Husky and Husky Oil Operations Ltd. have pleaded guilty to charges in connection with a 225,000-litre pipeline spill in Saskatchewan nearly three years ago.
The Calgary-based companies entered guilty pleas to three environmental charges on Wednesday in Lloydminster provincial court. Several charges were withdrawn.
Husky pleaded guilty under the Fisheries Act that on or between July 20 and July 21, 2016, it “did deposit or permit the deposit of a deleterious substance, namely blended heavy crude oil, in water frequented by fish or in a place where the deleterious substance may enter water frequented by fish, namely the North Saskatchewan River near Maidstone, Saskatchewan.”
Husky also pleaded guilty under the federal Migratory Birds Convention Act that on or between July 20 and July 21, 2016, it “did deposit or permit the deposit of a substance that is harmful to migratory birds, namely blended heavy crude oil, in waters or in an area frequented by migratory birds, or in a place from which the substance may enter such waters or such area near Maidstone, Saskatchewan.”
A 16-inch pipeline failed late on July 20, 2016 and leaked for at least seven hours before it was shut down for routine maintenance the following morning. Husky subsequently attributed the failure to ground movement. The resulting oil plume flowed hundreds of kilometres downstream, forcing North Battleford and Prince Albert to establish secondary sources of drinking water.
According to an agreed statement of facts read by Crown prosecutor Matthew Miazga, the pipeline was “not designed to withstand the geotechnical activity, specifically oil movement, it subsequently experienced.”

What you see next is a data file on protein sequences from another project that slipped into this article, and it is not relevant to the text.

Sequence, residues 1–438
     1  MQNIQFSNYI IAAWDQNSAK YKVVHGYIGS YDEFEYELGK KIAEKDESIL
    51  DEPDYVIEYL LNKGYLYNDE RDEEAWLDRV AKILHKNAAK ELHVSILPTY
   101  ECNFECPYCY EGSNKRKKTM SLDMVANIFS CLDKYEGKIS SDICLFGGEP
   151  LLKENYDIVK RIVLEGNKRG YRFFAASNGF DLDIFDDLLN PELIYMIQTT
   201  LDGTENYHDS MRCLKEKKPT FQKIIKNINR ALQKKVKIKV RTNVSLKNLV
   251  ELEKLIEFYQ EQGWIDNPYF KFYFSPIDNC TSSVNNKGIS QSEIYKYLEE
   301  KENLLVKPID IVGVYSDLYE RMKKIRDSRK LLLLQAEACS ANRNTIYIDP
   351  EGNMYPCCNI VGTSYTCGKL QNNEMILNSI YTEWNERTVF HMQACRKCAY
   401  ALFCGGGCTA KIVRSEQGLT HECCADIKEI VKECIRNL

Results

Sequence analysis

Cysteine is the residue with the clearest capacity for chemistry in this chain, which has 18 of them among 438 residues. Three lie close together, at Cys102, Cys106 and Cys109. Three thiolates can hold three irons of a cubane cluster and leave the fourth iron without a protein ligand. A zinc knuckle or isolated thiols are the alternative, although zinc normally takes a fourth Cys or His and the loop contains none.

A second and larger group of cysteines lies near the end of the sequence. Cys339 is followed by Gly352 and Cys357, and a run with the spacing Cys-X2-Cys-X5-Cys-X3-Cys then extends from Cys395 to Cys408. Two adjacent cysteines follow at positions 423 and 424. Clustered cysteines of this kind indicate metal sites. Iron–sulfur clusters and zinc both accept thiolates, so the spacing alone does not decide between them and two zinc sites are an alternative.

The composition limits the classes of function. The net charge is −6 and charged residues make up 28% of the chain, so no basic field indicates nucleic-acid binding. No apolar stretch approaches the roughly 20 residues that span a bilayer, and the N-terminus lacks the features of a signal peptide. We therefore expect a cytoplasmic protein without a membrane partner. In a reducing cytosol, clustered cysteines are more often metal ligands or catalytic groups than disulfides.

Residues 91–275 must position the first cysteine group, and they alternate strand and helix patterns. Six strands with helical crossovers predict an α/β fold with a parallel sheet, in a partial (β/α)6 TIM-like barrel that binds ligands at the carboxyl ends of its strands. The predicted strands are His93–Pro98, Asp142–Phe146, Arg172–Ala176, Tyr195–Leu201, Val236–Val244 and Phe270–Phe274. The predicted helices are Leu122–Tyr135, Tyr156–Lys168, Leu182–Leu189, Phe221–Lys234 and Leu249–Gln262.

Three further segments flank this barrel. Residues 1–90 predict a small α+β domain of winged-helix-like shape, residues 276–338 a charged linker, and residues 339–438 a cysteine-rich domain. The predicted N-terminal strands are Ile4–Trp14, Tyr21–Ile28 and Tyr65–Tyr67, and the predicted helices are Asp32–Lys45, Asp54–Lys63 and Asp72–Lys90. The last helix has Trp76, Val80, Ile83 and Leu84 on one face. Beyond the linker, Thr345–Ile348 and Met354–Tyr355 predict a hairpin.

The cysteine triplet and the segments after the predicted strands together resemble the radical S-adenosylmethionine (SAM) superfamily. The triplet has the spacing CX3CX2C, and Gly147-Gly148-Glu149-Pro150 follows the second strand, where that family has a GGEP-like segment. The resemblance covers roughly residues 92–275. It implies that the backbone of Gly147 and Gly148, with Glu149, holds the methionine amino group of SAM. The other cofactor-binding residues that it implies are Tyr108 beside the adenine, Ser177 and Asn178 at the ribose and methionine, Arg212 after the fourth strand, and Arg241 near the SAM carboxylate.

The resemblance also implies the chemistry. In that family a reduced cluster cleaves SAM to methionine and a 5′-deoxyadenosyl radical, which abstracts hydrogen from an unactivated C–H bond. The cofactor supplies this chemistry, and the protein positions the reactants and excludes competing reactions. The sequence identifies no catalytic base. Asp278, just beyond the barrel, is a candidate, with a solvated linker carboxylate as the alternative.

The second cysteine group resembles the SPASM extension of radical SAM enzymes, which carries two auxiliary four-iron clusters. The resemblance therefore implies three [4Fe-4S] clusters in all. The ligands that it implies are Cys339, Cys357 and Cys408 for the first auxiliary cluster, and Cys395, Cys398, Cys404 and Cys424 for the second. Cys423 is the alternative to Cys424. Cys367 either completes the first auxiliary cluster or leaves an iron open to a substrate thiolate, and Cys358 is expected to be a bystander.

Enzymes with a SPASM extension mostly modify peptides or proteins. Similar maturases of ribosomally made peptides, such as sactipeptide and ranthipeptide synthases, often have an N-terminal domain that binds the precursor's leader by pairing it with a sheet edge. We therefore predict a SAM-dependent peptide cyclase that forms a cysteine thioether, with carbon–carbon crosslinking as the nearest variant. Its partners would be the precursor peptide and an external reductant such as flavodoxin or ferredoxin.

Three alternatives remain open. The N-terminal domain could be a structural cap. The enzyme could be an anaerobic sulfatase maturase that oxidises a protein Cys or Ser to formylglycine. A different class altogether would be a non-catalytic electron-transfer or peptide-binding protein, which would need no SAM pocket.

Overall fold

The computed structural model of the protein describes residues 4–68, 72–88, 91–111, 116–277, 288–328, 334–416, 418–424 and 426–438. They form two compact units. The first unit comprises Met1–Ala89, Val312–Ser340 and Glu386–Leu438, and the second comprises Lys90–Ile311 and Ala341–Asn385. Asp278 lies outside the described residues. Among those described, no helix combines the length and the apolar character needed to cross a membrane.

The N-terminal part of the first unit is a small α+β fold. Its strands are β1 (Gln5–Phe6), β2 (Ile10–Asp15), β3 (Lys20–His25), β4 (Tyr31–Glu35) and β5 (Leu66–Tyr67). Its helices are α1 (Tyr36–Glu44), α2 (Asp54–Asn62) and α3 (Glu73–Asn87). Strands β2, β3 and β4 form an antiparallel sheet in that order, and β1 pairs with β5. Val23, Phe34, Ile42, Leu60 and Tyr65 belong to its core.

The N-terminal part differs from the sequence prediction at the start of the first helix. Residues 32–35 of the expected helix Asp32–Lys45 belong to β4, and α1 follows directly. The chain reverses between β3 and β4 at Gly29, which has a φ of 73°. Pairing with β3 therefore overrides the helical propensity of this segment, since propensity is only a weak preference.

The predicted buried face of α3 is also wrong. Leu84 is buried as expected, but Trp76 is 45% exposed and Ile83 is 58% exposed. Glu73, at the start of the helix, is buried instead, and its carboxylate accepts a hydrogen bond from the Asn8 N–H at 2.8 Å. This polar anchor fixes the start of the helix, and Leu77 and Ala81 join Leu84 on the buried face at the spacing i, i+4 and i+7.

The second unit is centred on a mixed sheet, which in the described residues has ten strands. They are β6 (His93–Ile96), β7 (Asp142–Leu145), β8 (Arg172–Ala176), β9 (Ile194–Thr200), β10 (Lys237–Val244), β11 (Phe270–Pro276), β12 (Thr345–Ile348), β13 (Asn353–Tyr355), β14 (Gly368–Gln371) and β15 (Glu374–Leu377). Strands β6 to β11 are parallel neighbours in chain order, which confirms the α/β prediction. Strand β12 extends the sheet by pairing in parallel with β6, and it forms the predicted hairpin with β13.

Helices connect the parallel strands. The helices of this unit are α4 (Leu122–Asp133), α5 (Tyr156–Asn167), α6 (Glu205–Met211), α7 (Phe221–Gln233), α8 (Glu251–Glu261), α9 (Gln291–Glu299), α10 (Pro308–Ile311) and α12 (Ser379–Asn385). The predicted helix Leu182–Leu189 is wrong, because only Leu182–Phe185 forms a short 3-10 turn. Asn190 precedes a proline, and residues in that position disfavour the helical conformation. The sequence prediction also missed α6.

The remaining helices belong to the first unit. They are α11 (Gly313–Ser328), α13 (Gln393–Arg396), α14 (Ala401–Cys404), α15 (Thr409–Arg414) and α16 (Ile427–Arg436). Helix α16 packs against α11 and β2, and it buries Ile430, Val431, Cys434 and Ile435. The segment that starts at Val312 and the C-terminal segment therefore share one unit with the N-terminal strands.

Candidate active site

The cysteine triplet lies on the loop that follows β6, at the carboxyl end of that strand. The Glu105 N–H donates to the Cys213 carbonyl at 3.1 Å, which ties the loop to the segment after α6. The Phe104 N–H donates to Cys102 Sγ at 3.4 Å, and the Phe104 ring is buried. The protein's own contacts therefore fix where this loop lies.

Court heard the pipeline’s leak detection systems sounded multiple alarms on July 19 and July 20, which Husky attributed to the planned shutdown and restart of the pipeline system on July 19.
To date, court heard, Husky has spent $144 million in response to the spill.
In a victim impact statement read in court, Little Pine First Nation Chief Wayne Semaganis said “incomplete” cleanup caused “extensive damage to the environment in and around reserve lands.”
Hunting and fishing, as well as trapping in and around the river, have been “severely impacted,” Semaganis said.
Approximately 40 per cent of the 225,000 litres made it into the North Saskatchewan River. The first report of the spill came from a private citizen who called the Saskatchewan government after seeing oil on the river near the Toby Nollet Bridge.
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